> best chance with this, I believe, would be to find a Republican who 
> represents a district with a strong organic agricultural constituency 
> capable of applying pressure (in the thumb maybe).  I know this seems
like 
> a long shot, but we would only have to convince one person, and 
> Republicans are traditionally opposed to limitations on local control.
If 
> were able to get somebody to listen, we could present a strong
argument 
> about the misrepresentation, bias, and inaccuracy in the testimony
that 
> was given, and present a strong scientific argument about the dangers
of 
> GMO's.  The evidence on this is clear, it's just a matter of getting 
> somebody to hear it.  The fact that organic is the only growing sector
of 
> agriculture, which is the second largest component of Michigan's 
> struggling economy might resonate as well.  Obviously we would have to

> rebut the notion that "GM contamination is not a threat to organic 
>  farmers", and that "pollen flow can be predicted", but this ludicrous

> notion might not be as convincing if it wasn't being misrepresented as
a 
> scientific fact established by MSU.  Someone suggested that we might
be 
> better able to pull this off after the next round of elections, but we

> could certainly begin to plant the (non-GMO) seed.
> Another possibility is actually challenging the effectiveness of the 
> legislation by working to get an ordinance passed (Ann Arbor was
suggested 
> as a possibility), and fighting it on moral, legal, and scientific 
> grounds.  In my reading, the legislation seems somewhat vague, and has
a 
> number of potential weaknesses. "Superweeds" encouraged by the use of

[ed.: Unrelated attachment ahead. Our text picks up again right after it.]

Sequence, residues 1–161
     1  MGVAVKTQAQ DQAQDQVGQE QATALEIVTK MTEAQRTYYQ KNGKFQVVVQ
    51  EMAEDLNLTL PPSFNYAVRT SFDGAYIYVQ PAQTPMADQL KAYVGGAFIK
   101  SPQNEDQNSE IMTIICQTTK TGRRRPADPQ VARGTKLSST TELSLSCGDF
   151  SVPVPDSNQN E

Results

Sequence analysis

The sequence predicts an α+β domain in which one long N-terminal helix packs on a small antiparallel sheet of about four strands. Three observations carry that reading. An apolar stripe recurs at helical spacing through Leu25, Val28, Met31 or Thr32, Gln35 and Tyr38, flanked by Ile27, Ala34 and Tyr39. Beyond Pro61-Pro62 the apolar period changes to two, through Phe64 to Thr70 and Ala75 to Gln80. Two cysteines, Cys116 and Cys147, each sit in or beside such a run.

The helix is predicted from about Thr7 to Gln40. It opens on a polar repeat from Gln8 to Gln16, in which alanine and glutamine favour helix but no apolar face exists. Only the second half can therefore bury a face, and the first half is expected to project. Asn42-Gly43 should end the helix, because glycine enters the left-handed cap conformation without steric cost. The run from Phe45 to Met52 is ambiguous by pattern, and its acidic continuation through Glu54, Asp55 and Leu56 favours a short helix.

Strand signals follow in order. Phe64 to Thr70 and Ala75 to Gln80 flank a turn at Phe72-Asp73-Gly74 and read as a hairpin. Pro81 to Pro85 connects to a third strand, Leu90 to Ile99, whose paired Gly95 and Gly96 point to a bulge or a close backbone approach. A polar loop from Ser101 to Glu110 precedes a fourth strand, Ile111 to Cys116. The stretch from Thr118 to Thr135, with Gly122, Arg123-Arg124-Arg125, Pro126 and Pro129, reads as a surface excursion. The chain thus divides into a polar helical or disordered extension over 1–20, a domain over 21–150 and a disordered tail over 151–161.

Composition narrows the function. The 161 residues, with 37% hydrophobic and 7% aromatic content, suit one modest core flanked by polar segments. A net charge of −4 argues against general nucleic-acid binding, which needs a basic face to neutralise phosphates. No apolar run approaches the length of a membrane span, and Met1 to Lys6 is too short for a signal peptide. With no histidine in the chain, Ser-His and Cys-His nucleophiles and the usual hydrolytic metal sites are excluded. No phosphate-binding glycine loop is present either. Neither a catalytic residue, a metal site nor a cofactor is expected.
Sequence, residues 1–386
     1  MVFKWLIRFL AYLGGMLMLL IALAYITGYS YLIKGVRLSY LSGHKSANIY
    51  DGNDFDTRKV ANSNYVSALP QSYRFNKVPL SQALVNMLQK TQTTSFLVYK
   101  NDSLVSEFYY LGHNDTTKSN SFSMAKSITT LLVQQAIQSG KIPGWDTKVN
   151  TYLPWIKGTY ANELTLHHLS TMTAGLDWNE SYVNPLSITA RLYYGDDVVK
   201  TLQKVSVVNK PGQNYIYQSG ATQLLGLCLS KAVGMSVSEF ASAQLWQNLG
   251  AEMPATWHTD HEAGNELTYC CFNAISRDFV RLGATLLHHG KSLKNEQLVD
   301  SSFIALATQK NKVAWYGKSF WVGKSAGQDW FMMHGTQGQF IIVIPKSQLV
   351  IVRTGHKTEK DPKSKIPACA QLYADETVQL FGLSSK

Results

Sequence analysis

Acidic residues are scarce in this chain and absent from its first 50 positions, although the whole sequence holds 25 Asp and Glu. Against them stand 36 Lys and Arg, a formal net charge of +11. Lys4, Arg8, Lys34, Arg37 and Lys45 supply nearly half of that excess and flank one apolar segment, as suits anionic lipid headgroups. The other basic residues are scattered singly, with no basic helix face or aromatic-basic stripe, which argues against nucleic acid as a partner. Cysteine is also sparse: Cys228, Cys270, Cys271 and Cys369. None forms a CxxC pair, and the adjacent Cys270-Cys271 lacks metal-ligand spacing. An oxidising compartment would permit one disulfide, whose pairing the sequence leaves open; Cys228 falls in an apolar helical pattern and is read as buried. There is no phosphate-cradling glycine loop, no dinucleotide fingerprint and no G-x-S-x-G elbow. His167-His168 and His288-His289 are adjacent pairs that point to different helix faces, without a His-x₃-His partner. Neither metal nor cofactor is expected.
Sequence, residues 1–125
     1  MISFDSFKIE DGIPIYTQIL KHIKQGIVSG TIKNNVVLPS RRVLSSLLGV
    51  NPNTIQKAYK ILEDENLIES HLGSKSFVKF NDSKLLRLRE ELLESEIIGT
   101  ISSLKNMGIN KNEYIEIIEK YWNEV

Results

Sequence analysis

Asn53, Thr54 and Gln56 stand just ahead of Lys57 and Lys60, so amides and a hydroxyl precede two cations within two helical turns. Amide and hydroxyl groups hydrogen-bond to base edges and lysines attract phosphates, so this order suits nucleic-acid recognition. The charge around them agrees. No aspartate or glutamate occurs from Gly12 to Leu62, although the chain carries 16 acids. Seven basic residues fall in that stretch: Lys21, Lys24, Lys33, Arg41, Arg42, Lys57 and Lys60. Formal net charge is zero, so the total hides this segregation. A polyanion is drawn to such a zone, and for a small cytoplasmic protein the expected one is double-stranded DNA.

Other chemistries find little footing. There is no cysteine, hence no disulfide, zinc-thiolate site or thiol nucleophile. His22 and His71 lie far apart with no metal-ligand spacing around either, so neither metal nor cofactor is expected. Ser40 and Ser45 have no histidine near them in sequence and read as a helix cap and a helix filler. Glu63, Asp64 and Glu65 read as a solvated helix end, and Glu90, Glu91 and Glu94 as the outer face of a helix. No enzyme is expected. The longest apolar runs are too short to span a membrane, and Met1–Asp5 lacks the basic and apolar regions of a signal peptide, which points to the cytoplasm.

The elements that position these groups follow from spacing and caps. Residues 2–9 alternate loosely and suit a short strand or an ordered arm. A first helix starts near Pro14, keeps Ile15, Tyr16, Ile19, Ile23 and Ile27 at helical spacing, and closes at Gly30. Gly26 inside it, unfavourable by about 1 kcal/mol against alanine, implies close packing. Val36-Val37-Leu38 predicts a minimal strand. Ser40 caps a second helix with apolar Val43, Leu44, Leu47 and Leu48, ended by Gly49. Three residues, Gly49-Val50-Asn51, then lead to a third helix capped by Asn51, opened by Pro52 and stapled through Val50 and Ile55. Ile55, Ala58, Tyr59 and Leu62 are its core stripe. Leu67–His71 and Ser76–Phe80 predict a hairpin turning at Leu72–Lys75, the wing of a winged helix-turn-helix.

a 
> single herbicide can certainly become "noxious".  As the Percy
Schmeiser 
> case has shown, organic farmers are not the only ones adversely
affected 
> by genetically modified crops, and these crops themselves can be
noxious 
> weeds in certain cases.  In addition, it seems to me that there is 
> significant scientific evidence to present a compelling argument that 
> these corps present "unreasonable environmental effects" in a number
of 
> ways, and once this argument is made, MDA must hold a public meeting
to 
> evaluate the legitimacy of these claims.
> A third option would be to work toward the development of regulations 
> similar to the existing pesticide laws, which would offer recourse for
the 
> contamination of organic crops by GMO's.  This kind of regulation has
been 
> presented in other states already, and just because the NOP does not
have 
> a problem with contaminated organics, does not mean that they fail to 
> represent a potential financial loss for organic growers.
> These are just some initial ideas.  Would folks be amenable to a short

> late-evening meeting/conference call to discuss these issues in a few 
> weeks? Please let me know either way.  In the meantime we will
continue to 
> work within the University to make sure they honor the obligations
they 
> have committed to as a result of improprieties surrounding the
legislative 
> testimony.  Thank you all for putting up with my long-windedness.   I
hope 
> we can continue to support one another in this fight, and perhaps
build on 
> the lessons we have learned from it in challenging the upcoming
pro-CAFO 
> bill and other issues that threaten agricultural sustainability, small

> farming, and ecological sanity.
> Sincerely,
> Taylor Reid
> 517-862-2793
> [log in to unmask] 
> 
>  
>